Since end of life resistor 314 affords a permanent decoupling of the load side of GFCI 10 from the AC power source, it is important that the end of life resistor 314 only dislodge when there is a true end of life condition and not due to other circumstances, such as transient electrical noise. For example, SCR 88 may experience self turn-on in response to a transient noise event. Coupling diode 318 may be included to decouple resistor 314 in the event of a false end of life condition. Coupling diode 318 causes SCR 88 to activate solenoid 38 when it is ON.
As embodied herein, and depicted in
The end of life resistor 314 may allow failure modes in the test mechanism 40 to be protected by the checking circuit 100. By way of example, plunger 510 can become immobilized through dirt or corrosion such that the trip mechanism 40 is not operated when solenoid 38 or 90 is activated. As has been described, end of life resistor 314 provides for a secondary method of operating trip mechanism 40 that does not rely on a motion of plunger 510.
As embodied herein, and depicted in
Other features are illustrated in
The end of life lockout feature embodied in
In yet another feature, an auxiliary impedance 710, preferably including an inductance, couples power from the AC power source to polarity detector 92 and miswire network 46. The value of impedance 710 is chosen to be greater than 50 Ohms in the presence of high frequency impulse noise on the electrical circuit, such as caused by lightning activity. The impedance permits a small metal oxide varistor 15′, rated less than one Joule, to protect polarity detector 92 and miswire network 46 from damage. Likewise, the inductance of solenoid 38 is chosen such that snubber network 36 protects SCR 24 and power supply 18 from damage. The use of an auxiliary impedance in combination with other impedances, such as the impedance of a solenoid, is an alternative design that avoids using an across-the-line metal oxide varistor such as MOV 15 in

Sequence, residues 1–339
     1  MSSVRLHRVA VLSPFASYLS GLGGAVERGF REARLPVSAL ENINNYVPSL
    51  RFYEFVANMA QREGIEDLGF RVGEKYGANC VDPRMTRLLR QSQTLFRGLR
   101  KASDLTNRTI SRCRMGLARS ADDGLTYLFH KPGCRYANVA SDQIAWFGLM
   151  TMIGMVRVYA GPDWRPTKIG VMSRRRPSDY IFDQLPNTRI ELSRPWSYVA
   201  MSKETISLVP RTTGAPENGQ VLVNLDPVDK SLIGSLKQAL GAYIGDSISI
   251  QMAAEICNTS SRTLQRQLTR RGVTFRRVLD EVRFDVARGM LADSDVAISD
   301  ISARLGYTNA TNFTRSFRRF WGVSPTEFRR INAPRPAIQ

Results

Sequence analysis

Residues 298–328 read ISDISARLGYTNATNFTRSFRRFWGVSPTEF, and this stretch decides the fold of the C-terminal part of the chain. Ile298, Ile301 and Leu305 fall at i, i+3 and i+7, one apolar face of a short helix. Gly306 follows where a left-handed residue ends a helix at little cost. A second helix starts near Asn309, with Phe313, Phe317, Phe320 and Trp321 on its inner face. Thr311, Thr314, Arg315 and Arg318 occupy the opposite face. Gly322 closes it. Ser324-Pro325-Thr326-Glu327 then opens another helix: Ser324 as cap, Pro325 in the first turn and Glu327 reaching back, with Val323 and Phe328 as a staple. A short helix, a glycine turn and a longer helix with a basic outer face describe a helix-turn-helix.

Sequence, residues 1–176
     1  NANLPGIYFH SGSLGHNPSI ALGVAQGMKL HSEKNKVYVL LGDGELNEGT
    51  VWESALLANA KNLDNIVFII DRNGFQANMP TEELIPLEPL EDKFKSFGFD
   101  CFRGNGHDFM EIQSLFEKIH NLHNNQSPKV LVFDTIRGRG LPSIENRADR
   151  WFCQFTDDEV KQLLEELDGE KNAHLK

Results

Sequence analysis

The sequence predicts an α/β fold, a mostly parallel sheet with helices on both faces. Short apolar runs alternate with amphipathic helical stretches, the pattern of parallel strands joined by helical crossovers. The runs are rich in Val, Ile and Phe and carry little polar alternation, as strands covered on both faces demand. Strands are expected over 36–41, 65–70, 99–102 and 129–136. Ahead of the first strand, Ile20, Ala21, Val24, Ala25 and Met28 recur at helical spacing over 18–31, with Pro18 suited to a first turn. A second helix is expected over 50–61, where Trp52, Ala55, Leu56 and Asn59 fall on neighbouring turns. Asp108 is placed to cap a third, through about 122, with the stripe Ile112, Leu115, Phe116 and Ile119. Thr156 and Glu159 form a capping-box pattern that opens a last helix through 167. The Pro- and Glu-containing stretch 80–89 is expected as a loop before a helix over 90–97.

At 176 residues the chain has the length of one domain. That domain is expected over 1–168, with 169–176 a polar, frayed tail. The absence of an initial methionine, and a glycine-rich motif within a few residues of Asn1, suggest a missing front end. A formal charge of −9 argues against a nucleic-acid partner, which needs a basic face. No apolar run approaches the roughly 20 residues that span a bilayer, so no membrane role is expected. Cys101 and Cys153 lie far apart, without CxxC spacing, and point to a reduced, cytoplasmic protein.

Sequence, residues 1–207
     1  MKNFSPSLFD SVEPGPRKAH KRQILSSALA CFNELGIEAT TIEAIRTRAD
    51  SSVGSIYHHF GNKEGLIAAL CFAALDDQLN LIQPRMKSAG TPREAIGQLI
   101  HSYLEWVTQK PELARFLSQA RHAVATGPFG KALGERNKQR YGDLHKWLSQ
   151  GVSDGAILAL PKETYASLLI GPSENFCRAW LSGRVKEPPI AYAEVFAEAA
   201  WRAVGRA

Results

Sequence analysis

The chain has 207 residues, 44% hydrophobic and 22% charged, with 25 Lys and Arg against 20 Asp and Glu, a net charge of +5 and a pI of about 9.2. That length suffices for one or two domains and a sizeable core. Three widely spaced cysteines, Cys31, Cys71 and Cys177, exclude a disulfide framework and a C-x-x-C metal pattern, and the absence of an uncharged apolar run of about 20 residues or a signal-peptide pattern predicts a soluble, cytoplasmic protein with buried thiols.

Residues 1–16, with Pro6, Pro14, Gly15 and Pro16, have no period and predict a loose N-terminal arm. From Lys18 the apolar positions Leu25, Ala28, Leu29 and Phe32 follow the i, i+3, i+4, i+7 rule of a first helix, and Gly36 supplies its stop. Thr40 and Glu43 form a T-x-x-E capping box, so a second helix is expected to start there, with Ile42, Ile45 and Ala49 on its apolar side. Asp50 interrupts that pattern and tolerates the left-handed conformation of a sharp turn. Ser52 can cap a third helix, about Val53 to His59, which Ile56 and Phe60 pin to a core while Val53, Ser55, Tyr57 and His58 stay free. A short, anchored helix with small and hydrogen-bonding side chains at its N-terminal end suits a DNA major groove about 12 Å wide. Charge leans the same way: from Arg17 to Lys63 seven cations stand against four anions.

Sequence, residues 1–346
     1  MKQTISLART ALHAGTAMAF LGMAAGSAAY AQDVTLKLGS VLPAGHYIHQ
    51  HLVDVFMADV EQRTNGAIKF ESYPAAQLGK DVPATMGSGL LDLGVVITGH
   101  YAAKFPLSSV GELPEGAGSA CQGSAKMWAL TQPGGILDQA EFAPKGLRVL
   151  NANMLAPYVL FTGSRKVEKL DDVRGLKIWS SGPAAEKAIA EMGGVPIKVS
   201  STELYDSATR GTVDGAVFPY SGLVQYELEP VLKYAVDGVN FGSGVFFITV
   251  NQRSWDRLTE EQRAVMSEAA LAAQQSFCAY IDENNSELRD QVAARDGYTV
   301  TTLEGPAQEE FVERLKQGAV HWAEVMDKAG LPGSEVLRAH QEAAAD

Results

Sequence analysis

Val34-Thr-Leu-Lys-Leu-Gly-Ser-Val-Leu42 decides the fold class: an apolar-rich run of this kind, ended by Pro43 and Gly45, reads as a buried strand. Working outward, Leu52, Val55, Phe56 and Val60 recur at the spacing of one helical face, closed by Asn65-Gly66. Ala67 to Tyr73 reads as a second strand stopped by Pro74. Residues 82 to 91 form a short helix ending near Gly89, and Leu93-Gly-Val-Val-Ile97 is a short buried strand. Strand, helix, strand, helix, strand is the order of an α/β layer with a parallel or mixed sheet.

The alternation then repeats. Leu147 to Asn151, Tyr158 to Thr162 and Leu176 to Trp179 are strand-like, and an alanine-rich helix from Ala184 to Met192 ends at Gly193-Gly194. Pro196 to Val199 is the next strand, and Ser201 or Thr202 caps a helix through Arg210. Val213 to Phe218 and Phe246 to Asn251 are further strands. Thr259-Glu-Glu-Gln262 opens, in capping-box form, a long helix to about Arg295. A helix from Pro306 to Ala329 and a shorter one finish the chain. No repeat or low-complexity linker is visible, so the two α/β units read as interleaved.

It will be apparent to those skilled in the art that various modifications and variations can be made to the present invention without departing from the spirit and scope of the invention. Thus, it is intended that the present invention cover the modifications and variations of this invention provided they come within the scope of the appended claims and their equivalents.
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|U.S. Classification||324/424, 324/527, 361/63, 324/510, 324/509, 361/42, 324/523|
|International Classification||G01R31/14, G01R31/327|
|Cooperative Classification||H01H2071/044, H02H3/335, G01R31/3277, H01H83/04, H02H3/331, H02H1/0015|
|European Classification||H02H3/33E2, H02H1/00C2, H02H3/33B, H01H83/04, G01R31/327C|
|Jan 30, 2004||AS||Assignment|
Owner name: PASS & SEYMOUR, INC., NEW YORK
Free format text: ASSIGNMENT OF ASSIGNORS INTEREST;ASSIGNORS:RICHARDS, JEFFREY C.;FINLAY SR., DAVID A.;REEL/FRAME:014948/0915
Effective date: 20040130
|Mar 15, 2007||AS||Assignment|
Owner name: PASS & SEYMOUR, INC., NEW YORK
Free format text: ASSIGNMENT OF ASSIGNORS INTEREST;ASSIGNORS:RICHARDS, JEFFREY C.;FINLAY, DAVID A., SR.;MACBETH, BRUCE F.;REEL/FRAME:019017/0365;SIGNING DATES FROM 20070125 TO 20070220